"Fairy tales make rivers run with wine only to make us remember, for one wild moment, that they run with water."

A Dragon is “just a lizard with bat wings.”
But dragons are amazing because lizards are amazing and bats are amazing.

I remember a trip to Roger-Williams Zoo- after months of sitting at a computer, wracking my brain for newer cooler ways to draw dragons-  I stopped and took a zoo break.

I didn’t realize I was coming with new eyes. Suddenly, having gotten up from my drawing table, everything was amazing- the scales and colors of iguanas- the curvature and strangeness of a Giraffe’s neck- it all felt new again, like I was seeing it for the first time- and I was moved. It was electric. I went in with a head full of dragons and left shaken with profound wonder. God is better at my job than I am. 

The world around me was full of wonder the whole time, and I just had to be reminded to notice. What we have is so good, we ought to cherish it, revel in it, celebrate it and tell others.

I learned that from “just dragons” and and “just Waterfire.”

We have to care. And then we have to keep caring, for our own good and the good of those around us. If we don’t, we might forget to look deeply and to wonder.

I believe that, as a concept artist, an illustrator, a storyteller- any of the hats and positions I’ve assumed- that my job has really been to love first and love deepest.

I am convicted in any situation that I need to find a way to fall in love with the project and the work of design, no matter how small.
We are engaged in making things that we hope people will love- but how can we ask anyone else to love it if we don’t even love it ourselves?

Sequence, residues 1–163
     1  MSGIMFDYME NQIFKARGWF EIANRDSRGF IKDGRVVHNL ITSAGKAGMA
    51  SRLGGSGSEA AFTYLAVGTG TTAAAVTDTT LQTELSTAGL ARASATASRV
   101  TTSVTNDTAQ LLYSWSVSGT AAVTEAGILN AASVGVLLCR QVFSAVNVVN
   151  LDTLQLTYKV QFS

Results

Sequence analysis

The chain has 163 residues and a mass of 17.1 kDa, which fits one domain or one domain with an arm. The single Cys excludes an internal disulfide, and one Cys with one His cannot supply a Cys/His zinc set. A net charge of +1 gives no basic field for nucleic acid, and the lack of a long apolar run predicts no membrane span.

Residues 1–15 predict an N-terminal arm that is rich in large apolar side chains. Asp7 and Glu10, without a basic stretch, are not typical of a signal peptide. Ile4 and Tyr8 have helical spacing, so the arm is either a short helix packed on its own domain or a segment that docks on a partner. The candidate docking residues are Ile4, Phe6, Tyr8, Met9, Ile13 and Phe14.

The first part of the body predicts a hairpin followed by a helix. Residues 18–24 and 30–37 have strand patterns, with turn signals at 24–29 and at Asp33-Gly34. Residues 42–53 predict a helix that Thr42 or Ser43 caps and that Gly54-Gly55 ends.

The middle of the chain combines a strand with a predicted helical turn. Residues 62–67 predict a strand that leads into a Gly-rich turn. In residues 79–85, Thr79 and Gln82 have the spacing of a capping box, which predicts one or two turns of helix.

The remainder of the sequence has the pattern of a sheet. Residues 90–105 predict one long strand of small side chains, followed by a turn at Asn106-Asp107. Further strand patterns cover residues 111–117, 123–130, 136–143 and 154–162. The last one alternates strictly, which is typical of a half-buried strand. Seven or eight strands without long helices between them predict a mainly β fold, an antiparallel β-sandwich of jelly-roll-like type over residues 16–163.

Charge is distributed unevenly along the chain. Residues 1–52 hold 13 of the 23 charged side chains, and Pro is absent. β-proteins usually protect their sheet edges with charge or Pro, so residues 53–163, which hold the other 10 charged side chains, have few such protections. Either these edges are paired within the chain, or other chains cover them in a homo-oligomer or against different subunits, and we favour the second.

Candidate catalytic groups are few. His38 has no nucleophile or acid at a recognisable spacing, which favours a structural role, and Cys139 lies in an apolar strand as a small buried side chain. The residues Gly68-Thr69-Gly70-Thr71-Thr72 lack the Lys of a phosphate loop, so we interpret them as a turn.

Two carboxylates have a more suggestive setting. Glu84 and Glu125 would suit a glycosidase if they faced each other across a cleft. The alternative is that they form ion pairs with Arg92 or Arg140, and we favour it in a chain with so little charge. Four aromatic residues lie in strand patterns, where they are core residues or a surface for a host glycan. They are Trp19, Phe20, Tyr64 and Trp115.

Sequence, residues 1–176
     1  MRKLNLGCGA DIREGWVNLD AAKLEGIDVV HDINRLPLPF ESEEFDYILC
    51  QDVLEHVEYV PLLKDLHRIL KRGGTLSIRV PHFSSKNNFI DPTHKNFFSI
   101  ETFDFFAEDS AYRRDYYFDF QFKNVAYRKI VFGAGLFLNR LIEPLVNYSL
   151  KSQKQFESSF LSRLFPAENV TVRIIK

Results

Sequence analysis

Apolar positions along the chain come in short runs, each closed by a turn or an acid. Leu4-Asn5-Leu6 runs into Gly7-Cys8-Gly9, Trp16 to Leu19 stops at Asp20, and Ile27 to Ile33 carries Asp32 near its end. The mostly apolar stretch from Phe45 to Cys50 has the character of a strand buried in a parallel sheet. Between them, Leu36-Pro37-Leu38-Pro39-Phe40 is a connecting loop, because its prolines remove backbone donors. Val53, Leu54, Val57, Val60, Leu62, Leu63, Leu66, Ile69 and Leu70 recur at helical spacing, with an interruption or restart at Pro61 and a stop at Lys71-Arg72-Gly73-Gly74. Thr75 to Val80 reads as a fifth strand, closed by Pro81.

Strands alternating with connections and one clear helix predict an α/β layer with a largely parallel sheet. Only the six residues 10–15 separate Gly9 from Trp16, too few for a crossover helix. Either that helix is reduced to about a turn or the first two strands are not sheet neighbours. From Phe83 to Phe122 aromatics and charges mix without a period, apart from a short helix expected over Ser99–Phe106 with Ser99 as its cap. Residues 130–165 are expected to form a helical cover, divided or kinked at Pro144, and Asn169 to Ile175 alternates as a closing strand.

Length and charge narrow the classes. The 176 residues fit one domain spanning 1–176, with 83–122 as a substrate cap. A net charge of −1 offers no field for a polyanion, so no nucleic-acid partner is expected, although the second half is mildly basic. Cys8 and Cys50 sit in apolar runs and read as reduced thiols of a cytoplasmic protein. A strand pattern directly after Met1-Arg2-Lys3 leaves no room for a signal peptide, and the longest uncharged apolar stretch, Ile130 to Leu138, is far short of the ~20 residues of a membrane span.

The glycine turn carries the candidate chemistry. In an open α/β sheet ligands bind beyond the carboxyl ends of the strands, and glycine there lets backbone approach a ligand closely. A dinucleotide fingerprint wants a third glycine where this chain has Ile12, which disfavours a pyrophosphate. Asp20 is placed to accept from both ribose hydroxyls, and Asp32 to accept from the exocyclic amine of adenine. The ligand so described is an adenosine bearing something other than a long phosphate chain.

And I don’t mean love like fleeting inspiration- Love isn’t easy or cute. Love is a choice, and a commitment. We ought to commit to the industries we’ve found ourselves in, and persist in designing well.

And here’s where my Christian faith has everything to do with my ethic about Dragons-

We need to sit and stay at the table- even when it is hard, and when it hurts us, because that is the way Jesus loved. When it is unsexy, unglamorous, uncool or unnoticed. Caring means you can be hurt- it means failure will be painful, but it means success will matter- and that is worth it.

That’s where the rubber meets the road, and I start to feel convicted- am I doing this myself? I’m trying to.
Even though I am tempted often to give in to cynicism, I need to remember and to remind those around me not to give up on doing what we do with care and in hope.

Nothing is “Just” anything- and we need concept artists and geeks who care- and bakers who care, and plumbers who care, and civil servants, and teachers, and doctors and electricians who don’t believe anything is “just” anything. That it can matter- and it will because we care about it. Because we’re invested and we aren’t going to give up on it.

And that care will make us wonder, and that wonder will wake us up to what my faith tells me was there all along.

Thank You.

We are very excited to unveil the RIPExpo 2015 poster, designed and screenprinted by Alison Rutsch!

Alison Rutsch is a local Providence artist. She will be exhibiting at RIPExpo 2015!

We would like your help getting the RIPExpo 2015 word out there!

If you live in New England, you can help us by posting fliers for RIPExpo! Click here for a black and white 8.5 x 11 version of the poster, which you can print off and post in your local libraries, comic shops, community centers, schools, jiu jitsu gyms, etc etc etc!

The Columbus Theatre in Providence, R.I., was designed to look outdated. In the late 1920s, while the rest of the country was doing Art Deco, this vaudeville house was a 19th-century Italianate palace. It still is. The aesthetic of revivalism has always held a special appeal for artists with an interest in old forms — and so it was for the folk musician Jeff Prystowsky from the band the Low Anthem, who in the summer of 2011 began to wonder why the Columbus had been closed for years, perpetually “Opening Soon.”